Best Practice

Mnemonics in your lessons: A cautionary overview

Various mnemonic techniques are proposed for use by teachers to help their students retain key information, but how effective are they and which options are the most likely to achieve results? Andrew Jones takes a look

I often wake up in the middle of the night and remember, with some anxiety, something I have forgotten to do. However, I am somewhat reluctant to get out of bed and make a note of this.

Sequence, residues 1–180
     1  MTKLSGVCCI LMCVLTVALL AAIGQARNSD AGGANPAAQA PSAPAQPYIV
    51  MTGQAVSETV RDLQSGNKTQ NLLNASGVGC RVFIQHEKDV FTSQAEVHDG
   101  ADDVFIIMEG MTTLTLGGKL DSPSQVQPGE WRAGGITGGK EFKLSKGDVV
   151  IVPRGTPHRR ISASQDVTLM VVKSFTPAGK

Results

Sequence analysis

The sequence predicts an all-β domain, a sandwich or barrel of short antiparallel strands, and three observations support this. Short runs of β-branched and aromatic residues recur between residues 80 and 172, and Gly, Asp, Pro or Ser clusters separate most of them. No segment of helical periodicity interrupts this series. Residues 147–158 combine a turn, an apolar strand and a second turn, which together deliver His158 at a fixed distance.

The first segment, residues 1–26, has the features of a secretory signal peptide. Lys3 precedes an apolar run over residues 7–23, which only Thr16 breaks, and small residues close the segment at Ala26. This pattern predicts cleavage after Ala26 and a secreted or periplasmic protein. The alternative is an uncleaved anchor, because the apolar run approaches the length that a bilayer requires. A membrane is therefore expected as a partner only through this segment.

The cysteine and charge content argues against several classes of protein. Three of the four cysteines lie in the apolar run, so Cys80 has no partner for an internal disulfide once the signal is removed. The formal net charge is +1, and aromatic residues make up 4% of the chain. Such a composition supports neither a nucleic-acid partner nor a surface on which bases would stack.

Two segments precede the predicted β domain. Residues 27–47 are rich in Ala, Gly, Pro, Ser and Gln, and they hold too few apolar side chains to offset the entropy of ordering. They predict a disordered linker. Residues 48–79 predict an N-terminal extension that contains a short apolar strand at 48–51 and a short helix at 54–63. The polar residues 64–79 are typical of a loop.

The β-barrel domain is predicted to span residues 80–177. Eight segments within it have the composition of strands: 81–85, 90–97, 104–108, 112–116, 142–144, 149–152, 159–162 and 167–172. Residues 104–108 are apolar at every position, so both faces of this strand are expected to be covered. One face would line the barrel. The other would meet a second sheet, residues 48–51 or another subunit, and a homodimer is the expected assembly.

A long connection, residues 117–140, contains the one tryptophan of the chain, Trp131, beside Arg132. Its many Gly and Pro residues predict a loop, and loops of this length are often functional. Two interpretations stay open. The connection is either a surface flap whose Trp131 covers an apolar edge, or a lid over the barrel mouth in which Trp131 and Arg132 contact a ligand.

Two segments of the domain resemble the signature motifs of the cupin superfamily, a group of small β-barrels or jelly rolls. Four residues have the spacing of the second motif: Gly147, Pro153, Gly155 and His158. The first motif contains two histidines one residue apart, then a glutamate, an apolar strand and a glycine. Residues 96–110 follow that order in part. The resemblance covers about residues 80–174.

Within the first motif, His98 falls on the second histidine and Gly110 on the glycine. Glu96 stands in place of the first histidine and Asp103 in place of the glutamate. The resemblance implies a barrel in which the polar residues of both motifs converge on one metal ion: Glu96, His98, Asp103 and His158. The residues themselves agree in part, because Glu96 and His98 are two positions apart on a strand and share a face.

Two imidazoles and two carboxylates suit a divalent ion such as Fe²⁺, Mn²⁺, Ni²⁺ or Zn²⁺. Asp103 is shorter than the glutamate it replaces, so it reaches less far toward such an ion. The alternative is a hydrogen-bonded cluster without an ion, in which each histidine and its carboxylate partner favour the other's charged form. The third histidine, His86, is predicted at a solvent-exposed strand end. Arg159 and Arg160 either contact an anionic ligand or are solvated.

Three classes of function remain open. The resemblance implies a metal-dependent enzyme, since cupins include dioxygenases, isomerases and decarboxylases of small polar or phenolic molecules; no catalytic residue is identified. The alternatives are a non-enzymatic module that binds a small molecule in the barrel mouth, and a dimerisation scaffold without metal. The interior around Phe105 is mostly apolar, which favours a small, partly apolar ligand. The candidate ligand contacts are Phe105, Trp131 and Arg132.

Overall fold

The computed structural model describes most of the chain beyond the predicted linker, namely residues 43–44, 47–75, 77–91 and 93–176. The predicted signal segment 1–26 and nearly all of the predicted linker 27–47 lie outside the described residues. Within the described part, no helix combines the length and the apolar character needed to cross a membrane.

As a temporary solution, I throw something from my bedside table, such as a coaster or book, onto the floor and hope that – when I step on it the next morning – my memory will be jogged.

This spontaneous action is essentially a form of mnemonics known as the “method of loci”, which involves remembering items based on their locations. Sometimes called the “memory palace technique”, it is often attributed to the Greek polymath Simonides of Ceos (for an intriguing historical overview, see Kelly, 2013). Of course, it is also synonymous with Sherlock Holmes.

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